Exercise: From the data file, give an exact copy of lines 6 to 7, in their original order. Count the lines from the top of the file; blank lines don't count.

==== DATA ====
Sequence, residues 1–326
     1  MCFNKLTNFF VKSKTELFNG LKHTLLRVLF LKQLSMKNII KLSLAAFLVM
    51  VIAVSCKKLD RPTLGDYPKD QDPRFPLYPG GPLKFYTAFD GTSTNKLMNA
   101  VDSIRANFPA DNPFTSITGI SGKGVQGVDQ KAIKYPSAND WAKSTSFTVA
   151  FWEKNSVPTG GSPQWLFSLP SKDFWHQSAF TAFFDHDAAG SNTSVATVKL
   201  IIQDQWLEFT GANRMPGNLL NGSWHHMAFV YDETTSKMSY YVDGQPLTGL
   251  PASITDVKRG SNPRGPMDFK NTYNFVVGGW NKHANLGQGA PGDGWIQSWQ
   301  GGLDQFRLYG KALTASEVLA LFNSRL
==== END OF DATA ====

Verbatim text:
   201  IIQDQWLEFT GANRMPGNLL NGSWHHMAFV YDETTSKMSY YVDGQPLTGL
   251  PASITDVKRG SNPRGPMDFK NTYNFVVGGW NKHANLGQGA PGDGWIQSWQ